Only A Novel

Ruth by Elizabeth Gaskell

Posted in Books, Elizabeth Gaskell, Fiction, Literature, Reading, Review by onlyanovel on June 8, 2008

‘We have dreaded men too much, and God too little, in the course we have taken.’

—Thurstan Benson

RuthI started writing this post immediately after I finished reading the book, and the tears have yet to dry from my eyes. It was a very strange, and seemingly unnatural, experience for me, for I was crying—at some parts uncontrollably—as I was reading the last few chapters of this book. I did not think that fiction could have this much of an effect on me. But by the last few chapters, it all seemed very real, and my emotions were deeply felt and real, and difficult to explain to myself. This was, indeed, strange and new to me. I am tempted to leave this post at that, but I thought that I should say more about the novel, in return for what it has given me.

This is the story of Ruth Hilton. Ruth had the advantage of being raised by good, loving, and simple country parents, but by the time she is sixteen years old, her parents have died, and she is alone in the world, has no one she can turn to for companionship and the continuing guidance and education that she yet needed. Into this emotional vacuum enters Henry Bellingham, a licentious heir to a fortune who is bewitched by Ruth’s loveliness and grace, combined with the ‘naivete, simplicity, and innocence of an intelligent child.’ Bellingham schemes to seduce the very young and very innocent Ruth, is successful in making Ruth fall deeply in love with him, and then abandons her. Ruth consequently wears the stigma of a sinful relationship and, to make matters worse, is pregnant with an illegitimate child. In the eyes of men, she and her yet-to-be-born child are doomed to a wretched life. But fate throws Thurstan and Faith Benson in Ruth’s path. They are brother and sister, both God-fearing and compassionate, Dissenters from the Church of England, he a beloved minister in the town of Eccleston. They welcome Ruth into their home as their own, and in this humble but loving home Leonard is born. At about seventeen years of age, Ruth is a mother.

Most of the novel is devoted to exploring the means to Ruth’s redemption, and the struggles and sacrifices that Ruth goes through to procure it. It is heavy on religion and biblical allusions, and even prayerful pleas to God. And throughout, Gaskell challenges her readers with questions. What is required, or, what matters—redemption in the eyes of men, or in the eyes of God? Is evil to be done that good may come? Should an innocent child be made to suffer for his mother’s sin, or can this child be an instrument for his mother’s atonement and purification? How is it that, at least in this case, men will not be as tender a judge as Christ (‘Let anyone among you who is without sin be the first to throw a stone at her.’)?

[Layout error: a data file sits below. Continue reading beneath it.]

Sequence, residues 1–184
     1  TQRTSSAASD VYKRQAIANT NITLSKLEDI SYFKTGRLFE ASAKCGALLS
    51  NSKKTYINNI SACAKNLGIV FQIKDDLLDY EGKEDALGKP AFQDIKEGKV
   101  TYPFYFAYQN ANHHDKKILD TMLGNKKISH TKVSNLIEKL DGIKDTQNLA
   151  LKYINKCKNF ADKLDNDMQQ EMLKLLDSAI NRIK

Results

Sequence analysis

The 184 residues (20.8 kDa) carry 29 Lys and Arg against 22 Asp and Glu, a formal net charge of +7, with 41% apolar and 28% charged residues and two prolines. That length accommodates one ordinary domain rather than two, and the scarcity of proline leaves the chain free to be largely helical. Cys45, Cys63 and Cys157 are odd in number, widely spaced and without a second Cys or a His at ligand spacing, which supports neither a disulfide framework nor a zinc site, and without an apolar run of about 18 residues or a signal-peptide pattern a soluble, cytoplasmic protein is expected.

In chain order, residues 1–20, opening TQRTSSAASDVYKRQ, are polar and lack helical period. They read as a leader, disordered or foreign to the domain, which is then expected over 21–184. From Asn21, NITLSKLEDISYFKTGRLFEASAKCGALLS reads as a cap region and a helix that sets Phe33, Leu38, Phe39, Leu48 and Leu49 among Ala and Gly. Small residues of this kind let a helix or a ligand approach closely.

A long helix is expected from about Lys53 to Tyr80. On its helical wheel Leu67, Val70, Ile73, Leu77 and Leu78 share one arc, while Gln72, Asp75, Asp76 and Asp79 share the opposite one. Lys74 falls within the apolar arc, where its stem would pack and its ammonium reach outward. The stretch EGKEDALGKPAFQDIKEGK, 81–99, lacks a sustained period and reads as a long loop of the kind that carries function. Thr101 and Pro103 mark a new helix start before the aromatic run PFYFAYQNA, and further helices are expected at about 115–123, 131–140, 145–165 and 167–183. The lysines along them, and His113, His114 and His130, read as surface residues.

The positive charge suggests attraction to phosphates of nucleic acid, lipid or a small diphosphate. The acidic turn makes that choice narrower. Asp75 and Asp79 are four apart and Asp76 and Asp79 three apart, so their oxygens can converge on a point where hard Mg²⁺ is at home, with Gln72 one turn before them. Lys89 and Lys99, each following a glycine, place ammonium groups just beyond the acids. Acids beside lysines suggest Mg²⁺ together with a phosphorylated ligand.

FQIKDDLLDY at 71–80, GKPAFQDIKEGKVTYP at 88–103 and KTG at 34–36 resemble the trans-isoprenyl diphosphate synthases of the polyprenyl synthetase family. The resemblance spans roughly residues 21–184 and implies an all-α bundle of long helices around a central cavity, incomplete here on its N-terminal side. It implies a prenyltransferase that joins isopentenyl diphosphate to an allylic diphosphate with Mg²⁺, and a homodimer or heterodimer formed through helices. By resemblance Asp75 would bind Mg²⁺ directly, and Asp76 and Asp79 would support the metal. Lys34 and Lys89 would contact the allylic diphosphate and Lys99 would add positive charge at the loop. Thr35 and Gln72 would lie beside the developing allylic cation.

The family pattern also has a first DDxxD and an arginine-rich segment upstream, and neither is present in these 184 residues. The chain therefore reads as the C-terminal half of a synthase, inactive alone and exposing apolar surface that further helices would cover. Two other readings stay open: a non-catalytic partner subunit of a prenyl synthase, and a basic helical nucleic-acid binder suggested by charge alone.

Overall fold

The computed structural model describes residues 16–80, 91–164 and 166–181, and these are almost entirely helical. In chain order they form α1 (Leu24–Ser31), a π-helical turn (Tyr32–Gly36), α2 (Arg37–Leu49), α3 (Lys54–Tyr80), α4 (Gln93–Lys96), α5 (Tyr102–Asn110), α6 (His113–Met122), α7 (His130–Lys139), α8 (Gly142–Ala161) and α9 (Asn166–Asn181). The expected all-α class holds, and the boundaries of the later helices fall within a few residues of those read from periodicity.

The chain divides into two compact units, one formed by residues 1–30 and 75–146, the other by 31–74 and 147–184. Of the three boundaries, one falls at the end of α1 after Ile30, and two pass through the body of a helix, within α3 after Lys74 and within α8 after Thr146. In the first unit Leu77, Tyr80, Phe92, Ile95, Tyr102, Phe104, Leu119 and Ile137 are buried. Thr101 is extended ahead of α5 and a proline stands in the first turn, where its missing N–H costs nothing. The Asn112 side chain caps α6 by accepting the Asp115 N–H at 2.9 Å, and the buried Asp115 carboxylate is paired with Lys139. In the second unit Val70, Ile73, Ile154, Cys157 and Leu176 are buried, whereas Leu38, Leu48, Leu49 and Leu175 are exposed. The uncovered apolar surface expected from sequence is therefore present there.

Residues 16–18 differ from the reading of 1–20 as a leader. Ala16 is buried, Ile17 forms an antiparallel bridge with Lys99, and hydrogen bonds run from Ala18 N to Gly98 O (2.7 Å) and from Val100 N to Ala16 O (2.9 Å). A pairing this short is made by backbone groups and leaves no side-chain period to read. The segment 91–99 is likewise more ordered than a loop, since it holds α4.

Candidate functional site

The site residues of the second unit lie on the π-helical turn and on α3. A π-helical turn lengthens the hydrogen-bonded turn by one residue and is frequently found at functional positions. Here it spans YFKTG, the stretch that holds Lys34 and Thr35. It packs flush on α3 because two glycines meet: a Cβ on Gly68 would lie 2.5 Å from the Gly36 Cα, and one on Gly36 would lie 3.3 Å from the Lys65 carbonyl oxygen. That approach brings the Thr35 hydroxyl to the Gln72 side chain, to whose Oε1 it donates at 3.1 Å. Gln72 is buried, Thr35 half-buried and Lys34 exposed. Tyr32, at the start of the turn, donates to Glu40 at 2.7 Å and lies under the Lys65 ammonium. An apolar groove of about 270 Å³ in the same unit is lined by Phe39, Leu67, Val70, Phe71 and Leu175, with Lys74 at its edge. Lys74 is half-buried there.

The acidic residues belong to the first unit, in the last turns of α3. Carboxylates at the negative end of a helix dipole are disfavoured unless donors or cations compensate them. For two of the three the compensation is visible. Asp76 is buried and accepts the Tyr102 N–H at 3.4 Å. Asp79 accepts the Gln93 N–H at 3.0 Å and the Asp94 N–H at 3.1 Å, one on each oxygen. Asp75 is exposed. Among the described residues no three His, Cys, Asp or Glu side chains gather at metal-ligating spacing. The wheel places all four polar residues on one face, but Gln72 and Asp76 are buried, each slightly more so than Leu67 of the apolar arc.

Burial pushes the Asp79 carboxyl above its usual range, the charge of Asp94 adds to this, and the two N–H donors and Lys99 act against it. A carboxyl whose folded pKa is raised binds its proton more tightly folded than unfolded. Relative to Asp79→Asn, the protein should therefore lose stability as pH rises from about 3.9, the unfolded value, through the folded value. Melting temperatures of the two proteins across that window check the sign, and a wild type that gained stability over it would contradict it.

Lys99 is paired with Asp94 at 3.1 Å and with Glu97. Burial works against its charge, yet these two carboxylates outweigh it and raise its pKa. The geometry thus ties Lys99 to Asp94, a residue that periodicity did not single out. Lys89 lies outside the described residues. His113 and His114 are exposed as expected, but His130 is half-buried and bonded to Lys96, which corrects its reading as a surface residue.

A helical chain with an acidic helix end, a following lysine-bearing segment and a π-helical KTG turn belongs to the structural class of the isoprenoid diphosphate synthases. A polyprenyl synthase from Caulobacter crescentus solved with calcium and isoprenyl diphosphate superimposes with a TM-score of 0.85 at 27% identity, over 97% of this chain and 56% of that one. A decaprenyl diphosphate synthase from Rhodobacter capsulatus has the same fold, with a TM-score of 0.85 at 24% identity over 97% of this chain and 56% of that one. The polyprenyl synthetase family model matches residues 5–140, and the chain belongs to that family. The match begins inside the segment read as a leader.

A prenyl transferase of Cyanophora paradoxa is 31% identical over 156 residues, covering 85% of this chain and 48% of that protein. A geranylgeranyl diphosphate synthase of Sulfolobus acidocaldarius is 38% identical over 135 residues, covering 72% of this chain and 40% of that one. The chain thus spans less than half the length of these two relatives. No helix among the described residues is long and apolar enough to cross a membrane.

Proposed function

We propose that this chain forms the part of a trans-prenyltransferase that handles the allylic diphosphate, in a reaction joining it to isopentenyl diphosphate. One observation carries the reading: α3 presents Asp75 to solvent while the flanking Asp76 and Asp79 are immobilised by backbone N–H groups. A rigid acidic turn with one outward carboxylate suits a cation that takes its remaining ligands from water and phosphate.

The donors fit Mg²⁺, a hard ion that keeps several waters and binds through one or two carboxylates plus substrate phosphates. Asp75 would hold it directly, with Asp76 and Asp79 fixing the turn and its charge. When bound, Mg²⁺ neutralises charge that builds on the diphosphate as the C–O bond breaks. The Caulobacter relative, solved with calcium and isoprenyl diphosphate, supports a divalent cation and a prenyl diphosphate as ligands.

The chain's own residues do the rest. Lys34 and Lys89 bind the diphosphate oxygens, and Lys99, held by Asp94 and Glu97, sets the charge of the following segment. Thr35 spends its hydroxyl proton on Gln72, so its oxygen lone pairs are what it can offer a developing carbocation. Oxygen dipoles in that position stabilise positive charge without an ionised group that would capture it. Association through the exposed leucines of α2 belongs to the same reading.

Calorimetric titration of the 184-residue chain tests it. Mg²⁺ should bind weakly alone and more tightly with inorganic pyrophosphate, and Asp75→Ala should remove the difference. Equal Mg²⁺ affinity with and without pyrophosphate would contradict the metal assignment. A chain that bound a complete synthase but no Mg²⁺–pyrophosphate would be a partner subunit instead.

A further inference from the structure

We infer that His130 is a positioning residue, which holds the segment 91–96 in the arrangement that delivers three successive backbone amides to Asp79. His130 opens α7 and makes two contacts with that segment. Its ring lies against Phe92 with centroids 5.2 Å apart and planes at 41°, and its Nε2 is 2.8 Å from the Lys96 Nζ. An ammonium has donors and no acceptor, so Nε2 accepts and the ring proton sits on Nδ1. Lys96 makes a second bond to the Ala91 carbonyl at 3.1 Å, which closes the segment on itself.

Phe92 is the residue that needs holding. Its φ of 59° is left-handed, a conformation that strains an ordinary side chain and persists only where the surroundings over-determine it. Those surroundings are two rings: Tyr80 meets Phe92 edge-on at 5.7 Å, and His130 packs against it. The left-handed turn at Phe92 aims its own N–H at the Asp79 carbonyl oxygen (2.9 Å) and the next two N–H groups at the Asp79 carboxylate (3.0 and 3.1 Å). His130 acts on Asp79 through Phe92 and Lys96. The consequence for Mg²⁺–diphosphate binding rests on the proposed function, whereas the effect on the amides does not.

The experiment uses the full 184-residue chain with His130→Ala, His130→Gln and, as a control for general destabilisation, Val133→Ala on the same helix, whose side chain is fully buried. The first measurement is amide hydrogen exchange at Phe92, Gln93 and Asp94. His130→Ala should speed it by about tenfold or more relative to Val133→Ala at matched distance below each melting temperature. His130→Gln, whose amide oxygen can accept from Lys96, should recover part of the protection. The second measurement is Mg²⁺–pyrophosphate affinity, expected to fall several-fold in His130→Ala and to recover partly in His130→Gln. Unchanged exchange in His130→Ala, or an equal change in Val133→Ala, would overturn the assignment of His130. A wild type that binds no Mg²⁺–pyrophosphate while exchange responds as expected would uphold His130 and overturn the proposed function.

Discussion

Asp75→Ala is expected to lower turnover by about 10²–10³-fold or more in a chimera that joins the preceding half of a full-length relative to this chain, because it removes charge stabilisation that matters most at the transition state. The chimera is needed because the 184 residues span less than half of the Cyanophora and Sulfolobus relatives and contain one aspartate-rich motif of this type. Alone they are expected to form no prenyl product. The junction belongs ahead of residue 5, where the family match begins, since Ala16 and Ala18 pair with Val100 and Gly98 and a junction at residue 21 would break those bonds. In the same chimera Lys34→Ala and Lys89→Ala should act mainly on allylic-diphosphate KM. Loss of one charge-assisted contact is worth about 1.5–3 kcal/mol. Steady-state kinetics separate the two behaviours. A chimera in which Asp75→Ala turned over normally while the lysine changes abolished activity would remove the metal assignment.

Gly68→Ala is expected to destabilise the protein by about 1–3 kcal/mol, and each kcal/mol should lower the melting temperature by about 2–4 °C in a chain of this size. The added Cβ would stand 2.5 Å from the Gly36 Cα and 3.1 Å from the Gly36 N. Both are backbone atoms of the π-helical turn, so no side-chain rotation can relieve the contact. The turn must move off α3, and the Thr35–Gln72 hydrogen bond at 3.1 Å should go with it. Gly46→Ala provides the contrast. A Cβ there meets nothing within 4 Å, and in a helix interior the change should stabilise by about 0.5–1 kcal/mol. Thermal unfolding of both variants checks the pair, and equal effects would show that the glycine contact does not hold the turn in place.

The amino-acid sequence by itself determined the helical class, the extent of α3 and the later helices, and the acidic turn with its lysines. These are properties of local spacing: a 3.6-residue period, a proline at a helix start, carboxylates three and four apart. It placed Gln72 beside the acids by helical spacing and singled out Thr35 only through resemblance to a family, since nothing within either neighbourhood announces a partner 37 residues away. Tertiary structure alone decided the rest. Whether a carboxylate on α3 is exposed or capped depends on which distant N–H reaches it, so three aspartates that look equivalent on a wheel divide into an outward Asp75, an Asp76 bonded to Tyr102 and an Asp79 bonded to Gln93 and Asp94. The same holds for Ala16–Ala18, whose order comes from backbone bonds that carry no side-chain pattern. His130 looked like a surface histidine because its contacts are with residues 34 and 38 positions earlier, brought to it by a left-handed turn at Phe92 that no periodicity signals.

It is interesting that Gaskell’s Thurstan Benson, the most morally upright character in the novel, is physically deformed—a hunchback. Perhaps it is but part of the novel’s recurring theme: That it is not the external, physical manifestation of being that matters most, but the internal, spiritual one. In giving counsel to Ruth on how to help Leonard cope with the harsh treatment that will come his way for being an illegitimate child, Benson says:

‘The world is not everything, Ruth; nor is the want of men’s good opinion and esteem the highest need which man has. Teach Leonard this. You would not wish his life to be one summer’s day.’

This novel recalled from my more self-examining past, precepts learned long ago which today seem like ghosts to me, and I am grateful for the reminder. Admittedly, this was not an easy post to write, and is incomplete, because of the depth of the themes that Gaskell bravely chose. Themes of repentance, quiet suffering, sacrifice, faith, unselfish love, forgiveness, redemption. That is a lot for one novel, and I thought that Gaskell’s Ruth was a powerful one.

And he said to me, These are they which came out of great tribulation, and have washed their robes, and made them white in the blood of the Lamb.

Therefore are they before the throne of God, and serve him day and night in his temple; and he that sitteth on the throne shall dwell among them.

They shall hunger no more, neither thirst any more; neither shall the sun light on them, nor any heat.

For the Lamb which is in the midst of the throne shall feed them, and shall lead them unto living fountains of waters, and God shall wipe away all tears from their eyes.

—Revelations 7:14-17


4 Responses

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  1. Arti said, on June 8, 2008 at 1:54 pm

    Thanks for sharing and reviewing this work by Gaskell. I haven’t read it but from your review it sounds very deep and powerful and the questions you’ve posted here are as relevant today as in the 19th Century. It makes good material for a screenplay too.

  2. onlyanovel said, on June 9, 2008 at 9:16 pm

    Hi Arti, thanks for the comment. I did not expect to have the reaction I did to the story, and I’m glad I read it. Maybe BBC can pick it up and adapt it someday.

  3. Roop said, on August 18, 2009 at 8:47 am

    I also felt that it’s unfair that Ruth had to suffer so much,and that she is the one who’s being called “sinful”…and not Bellingham who ruined her,in the first place…and who got scot free

  4. onlyanovel said, on August 18, 2009 at 10:43 am

    Roop, thanks for the comment. Yes, it was very different for women during Gaskell’s time. Sadly, in parts of the world today, things can be even worse.

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